Climate change is one of the most serious challenges facing humankind. The European Union is working to promote ambitious global action to limit climate change through the UN Framework Convention on Climate Change (UNFCCC), in other international fora and through its bilateral relations with third countries.
The global average temperature has risen almost 0.8°C since the second half of the 19th century, according to the Intergovernmental Panel on Climate Change (IPCC), which brings together hundreds of scientific experts on climate change from across the world. The IPCC is more than 90% certain that human activities which release greenhouse gases are having a net warming effect on the atmosphere. The first decade of the 21st century was the warmest since reliable records began in 1880.
The international community has recognised the scientific evidence that global warming needs to be held below 2°C (3.6°F) compared to the temperature in pre-industrial times in order to prevent climate change from reaching dangerous proportions. However, international action taken to date is not sufficient to prevent this ceiling from being exceeded.
Scientific evidence indicates that a temperature rise of more than 2°C could have irreversible and potentially catastrophic environmental consequences with high costs in human and economic terms.
The EU is successfully reducing its emissions of greenhouse gases, but worldwide emissions are continuing to grow. Global energy-related emissions of carbon dioxide (CO2), the main greenhouse gas, reach new record levels each year. The concentration of CO2 in the atmosphere is increasing annually and is at its highest level for 650,000 years, scientific research shows.
The Kyoto Protocol, agreed in 1997 by countries participating in the UNFCCC, has taken a first step towards addressing these trends. The world's only legally binding treaty to reduce greenhouse gas emissions, it requires action only by developed countries, however.
Under Kyoto's first commitment period, from 2008 to 2012, developed countries must reduce their emissions by an average of 5% below 1990 levels by 2012. The 15 countries that were EU Member States at the time that Kyoto was agreed committed to an 8% cut and are on track to achieve this by a comfortable margin.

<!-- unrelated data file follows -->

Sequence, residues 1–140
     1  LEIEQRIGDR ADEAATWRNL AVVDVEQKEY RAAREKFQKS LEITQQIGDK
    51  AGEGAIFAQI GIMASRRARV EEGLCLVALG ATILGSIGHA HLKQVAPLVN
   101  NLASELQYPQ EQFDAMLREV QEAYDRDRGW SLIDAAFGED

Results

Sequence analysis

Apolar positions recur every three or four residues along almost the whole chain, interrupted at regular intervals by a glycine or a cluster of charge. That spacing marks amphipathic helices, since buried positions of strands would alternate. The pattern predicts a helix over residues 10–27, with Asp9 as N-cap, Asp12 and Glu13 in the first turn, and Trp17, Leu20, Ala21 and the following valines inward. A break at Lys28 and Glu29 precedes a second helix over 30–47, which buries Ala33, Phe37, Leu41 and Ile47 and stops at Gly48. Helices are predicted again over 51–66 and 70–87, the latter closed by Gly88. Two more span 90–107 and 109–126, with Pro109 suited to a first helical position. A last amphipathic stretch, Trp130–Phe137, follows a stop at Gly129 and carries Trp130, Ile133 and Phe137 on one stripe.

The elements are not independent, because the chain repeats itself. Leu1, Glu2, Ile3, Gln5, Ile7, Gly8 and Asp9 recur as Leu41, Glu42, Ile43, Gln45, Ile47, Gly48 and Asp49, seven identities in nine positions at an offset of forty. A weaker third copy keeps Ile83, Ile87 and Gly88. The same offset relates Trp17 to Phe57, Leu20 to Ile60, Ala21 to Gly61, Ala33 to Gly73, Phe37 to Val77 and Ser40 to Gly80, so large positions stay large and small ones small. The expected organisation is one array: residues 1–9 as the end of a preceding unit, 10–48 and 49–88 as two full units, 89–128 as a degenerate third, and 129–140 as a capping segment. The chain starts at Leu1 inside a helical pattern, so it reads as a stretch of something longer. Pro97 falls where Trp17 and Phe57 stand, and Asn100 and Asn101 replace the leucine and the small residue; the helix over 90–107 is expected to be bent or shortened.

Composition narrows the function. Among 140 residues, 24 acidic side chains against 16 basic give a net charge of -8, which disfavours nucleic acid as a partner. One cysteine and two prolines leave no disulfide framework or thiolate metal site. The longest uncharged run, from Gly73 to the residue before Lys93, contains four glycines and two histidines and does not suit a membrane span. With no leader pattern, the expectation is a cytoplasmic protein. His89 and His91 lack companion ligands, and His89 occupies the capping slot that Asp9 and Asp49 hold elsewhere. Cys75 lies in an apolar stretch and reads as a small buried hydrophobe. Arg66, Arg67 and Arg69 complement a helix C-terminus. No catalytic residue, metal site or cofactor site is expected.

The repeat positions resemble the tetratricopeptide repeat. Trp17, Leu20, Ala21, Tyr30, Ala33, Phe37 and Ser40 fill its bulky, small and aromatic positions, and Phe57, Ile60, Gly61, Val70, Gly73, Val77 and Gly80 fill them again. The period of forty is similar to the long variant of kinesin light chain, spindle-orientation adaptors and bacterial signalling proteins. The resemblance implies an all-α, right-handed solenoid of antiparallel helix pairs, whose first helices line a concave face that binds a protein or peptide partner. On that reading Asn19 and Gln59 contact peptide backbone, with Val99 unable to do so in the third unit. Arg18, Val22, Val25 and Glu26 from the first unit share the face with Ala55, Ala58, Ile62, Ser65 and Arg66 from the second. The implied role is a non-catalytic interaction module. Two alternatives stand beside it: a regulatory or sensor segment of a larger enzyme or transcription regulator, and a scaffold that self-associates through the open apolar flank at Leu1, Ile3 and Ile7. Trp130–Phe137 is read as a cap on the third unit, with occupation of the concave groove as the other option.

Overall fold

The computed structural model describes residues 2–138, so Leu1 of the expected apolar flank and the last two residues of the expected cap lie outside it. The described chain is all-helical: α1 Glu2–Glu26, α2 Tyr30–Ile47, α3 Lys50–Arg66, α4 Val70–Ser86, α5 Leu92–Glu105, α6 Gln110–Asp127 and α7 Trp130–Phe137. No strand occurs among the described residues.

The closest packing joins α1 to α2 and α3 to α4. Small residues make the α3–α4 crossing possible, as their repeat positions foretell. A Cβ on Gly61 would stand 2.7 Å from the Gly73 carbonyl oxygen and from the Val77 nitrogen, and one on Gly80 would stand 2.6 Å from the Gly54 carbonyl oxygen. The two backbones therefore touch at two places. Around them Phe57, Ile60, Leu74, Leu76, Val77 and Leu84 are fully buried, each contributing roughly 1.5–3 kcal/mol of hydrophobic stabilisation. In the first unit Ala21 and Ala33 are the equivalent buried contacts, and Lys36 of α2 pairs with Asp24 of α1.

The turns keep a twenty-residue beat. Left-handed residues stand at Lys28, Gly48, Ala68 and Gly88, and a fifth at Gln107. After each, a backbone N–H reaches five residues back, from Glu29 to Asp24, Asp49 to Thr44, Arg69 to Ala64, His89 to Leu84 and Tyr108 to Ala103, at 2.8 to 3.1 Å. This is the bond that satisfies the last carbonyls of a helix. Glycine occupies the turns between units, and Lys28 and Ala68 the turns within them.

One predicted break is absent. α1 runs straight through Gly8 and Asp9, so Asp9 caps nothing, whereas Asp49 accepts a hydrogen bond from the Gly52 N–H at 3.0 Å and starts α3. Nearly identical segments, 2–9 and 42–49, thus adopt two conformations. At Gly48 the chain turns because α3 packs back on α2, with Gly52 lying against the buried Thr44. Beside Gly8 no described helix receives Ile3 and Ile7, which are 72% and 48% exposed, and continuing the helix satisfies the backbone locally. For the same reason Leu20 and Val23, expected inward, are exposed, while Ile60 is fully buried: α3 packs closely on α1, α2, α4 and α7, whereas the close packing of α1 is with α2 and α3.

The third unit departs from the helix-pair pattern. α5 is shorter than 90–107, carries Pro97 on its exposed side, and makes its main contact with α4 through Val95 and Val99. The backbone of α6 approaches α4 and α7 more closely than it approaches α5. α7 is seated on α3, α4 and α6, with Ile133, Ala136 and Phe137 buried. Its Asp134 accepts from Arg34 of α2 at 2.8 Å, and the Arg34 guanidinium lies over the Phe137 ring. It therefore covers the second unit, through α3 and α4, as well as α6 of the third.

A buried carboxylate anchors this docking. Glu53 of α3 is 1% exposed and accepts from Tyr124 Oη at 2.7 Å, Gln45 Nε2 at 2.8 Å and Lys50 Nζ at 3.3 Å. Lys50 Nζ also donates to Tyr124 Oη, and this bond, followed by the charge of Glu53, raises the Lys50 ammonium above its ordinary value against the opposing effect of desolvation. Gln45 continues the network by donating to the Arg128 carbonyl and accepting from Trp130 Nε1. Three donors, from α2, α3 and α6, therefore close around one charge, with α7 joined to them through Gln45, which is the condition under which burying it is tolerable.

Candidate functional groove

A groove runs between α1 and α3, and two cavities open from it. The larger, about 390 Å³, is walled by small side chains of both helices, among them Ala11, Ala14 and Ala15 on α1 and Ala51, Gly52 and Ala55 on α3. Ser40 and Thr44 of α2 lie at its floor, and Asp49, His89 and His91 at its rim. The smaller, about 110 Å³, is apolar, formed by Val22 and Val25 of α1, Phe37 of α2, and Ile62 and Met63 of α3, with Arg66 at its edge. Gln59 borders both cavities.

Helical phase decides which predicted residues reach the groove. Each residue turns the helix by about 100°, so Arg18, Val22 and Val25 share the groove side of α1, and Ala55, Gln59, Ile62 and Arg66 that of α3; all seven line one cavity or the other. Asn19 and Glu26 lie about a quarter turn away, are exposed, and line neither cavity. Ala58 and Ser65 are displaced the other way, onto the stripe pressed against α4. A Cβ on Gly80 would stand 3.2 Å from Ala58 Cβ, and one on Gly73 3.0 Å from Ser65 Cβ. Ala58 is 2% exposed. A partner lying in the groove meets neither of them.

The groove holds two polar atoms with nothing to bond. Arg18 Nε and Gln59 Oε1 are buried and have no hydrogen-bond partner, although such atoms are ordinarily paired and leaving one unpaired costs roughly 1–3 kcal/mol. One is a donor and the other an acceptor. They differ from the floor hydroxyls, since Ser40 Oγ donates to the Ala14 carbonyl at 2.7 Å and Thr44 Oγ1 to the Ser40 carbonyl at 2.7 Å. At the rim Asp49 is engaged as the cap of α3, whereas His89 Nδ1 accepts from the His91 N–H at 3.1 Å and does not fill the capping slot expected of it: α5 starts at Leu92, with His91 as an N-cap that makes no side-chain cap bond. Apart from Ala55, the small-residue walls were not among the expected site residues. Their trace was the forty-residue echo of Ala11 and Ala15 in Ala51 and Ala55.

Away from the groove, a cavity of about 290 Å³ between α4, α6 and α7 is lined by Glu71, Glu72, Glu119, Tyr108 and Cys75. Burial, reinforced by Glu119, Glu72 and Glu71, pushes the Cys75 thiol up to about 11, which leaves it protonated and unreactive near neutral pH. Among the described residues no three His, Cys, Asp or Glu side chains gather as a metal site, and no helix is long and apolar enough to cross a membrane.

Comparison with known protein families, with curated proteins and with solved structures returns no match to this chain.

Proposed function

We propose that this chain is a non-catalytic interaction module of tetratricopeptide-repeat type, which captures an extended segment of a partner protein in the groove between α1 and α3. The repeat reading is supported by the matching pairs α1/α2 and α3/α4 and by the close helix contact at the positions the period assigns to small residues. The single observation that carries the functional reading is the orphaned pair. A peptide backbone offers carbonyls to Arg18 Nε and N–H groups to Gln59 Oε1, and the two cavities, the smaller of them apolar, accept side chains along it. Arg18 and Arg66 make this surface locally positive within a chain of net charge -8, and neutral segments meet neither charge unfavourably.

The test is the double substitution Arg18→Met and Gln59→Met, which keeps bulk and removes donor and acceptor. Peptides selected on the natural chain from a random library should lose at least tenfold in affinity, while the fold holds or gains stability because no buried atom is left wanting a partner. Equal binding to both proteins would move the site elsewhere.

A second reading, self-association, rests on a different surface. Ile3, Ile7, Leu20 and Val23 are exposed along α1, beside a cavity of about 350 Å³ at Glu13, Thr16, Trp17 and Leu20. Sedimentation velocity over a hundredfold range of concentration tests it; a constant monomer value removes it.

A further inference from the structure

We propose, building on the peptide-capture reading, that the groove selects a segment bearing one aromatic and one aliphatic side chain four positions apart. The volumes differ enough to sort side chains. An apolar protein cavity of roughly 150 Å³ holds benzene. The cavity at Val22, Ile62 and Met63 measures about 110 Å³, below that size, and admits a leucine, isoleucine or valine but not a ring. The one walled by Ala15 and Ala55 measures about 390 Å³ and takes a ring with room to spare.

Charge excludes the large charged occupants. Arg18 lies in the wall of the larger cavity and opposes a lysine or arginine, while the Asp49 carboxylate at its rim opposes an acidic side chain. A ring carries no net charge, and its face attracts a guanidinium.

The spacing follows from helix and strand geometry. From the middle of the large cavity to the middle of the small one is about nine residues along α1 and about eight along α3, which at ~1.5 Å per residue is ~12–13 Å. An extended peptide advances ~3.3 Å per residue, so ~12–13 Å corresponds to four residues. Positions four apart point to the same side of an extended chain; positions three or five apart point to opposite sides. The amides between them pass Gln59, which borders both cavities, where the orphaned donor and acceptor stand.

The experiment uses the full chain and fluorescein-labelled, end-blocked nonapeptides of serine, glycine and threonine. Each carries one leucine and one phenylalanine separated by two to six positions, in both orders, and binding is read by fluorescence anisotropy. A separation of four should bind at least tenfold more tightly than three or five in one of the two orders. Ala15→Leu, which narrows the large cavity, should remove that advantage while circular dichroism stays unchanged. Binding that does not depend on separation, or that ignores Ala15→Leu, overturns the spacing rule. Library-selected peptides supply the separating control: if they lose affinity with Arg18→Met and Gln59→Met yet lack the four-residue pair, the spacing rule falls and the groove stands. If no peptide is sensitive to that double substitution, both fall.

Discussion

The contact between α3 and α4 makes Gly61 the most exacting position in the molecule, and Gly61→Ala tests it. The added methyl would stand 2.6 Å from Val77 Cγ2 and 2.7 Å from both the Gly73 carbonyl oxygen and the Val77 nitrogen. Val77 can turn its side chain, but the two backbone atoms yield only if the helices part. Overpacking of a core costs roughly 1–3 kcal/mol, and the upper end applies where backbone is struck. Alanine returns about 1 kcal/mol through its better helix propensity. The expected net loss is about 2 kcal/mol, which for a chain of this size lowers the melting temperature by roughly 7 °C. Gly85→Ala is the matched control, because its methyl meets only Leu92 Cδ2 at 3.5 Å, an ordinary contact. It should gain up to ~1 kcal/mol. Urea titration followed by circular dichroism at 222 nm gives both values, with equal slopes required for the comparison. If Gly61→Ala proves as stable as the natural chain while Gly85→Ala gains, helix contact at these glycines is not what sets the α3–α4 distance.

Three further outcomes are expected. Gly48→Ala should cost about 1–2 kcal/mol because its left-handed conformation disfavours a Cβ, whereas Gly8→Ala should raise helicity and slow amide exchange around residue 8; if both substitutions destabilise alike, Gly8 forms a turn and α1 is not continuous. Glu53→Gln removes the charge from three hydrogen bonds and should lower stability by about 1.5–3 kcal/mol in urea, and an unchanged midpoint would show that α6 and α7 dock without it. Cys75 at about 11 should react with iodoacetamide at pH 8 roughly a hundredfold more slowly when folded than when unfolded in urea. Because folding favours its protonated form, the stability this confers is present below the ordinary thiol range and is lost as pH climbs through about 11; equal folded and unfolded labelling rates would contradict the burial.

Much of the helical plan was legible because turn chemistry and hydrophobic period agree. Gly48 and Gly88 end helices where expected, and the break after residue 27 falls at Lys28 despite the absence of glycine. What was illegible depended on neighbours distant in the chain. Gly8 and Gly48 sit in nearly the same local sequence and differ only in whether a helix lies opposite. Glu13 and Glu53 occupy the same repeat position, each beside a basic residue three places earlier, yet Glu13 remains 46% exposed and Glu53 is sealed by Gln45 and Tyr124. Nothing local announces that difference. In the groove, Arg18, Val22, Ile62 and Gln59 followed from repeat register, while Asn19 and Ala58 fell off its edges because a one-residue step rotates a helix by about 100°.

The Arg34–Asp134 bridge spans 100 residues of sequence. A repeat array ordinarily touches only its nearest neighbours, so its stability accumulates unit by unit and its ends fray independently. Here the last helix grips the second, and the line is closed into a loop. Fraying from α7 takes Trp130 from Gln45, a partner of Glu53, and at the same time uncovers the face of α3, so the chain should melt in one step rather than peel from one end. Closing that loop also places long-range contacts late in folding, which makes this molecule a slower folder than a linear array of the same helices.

Besides not requiring action from developing countries, the Protocol's impact is further limited by the fact that it was never ratified by the United States, and Canada has since pulled out.
By 2020 nearly two-thirds of the world's emissions will come from developing countries, it is projected. The EU has long argued that Kyoto should be succeeded by a global legal framework that requires action not only from all developed countries, which must continue to lead, but also from the major emerging economies in the developing world.
A first attempt to agree a global climate regime failed in 2009. In 2011, however, it was agreed to launch negotiations on a global legal framework applicable to all countries. The new framework is to be adopted by 2015 and to enter force in 2020. The EU wants a new Protocol that is ambitious, comprehensive and legally binding.
Until 2020, the international climate regime will comprise – on top of the existing provisions of the UNFCCC - new rules, institutions and commitments that have resulted from the UN climate conferences held in Copenhagen (2009), Cancún (2010), Durban (2011) and Doha (2012). These commitments include voluntary emission pledges for 2020 that have been made by more than 90 countries to date, as well as commitments by developed countries to provide financial support to help developing countries adapt to climate change and limit their emissions.
In addition, a second commitment period of the Kyoto Protocol will run from 2013 until 2020 when the global agreement enters into force. The EU is participating in the second period but several major emitters in the developed world are not, so Kyoto will cover only about 14% of global emissions.
Work is also under way at international level to raise the ambition level of global action before 2020 by identifying further actions that can be taken to reduce emissions further. This work covers all countries, whether they are part of the second Kyoto period or not.
The fight against climate change is an important issue in the EU's bilateral relations with other countries in the developed and developing worlds alike.
As the world's biggest provider of official development assistance (ODA), responsible for more than half of global ODA, the EU is the largest contributor of climate finance to help developing countries adapt to climate change and develop on a low-emission path.
In the fight against climate change the EU is leading by example through its domestic action.
EU leaders - recognising the benefits in terms of stimulating innovation, economic growth and jobs – have committed the EU to becoming a highly energy-efficient, low-emission economy. Binding legislation has been put in place to cut emissions to 20% below 1990 levels by 2020, and measures recently adopted or proposed mean reductions are likely to exceed this target. The EU is offering to step up its 2020 reduction target to 30% if other major economies commit to take on their fair share of global action.
In the longer term, the EU is committed to cutting its emissions by 80-95% below 1990 levels by 2050 as part of the effort required from the developed world as a whole. The European Commission has published a roadmap that charts a cost-effective pathway for making the necessary transition to a competitive, low carbon European economy by mid-century.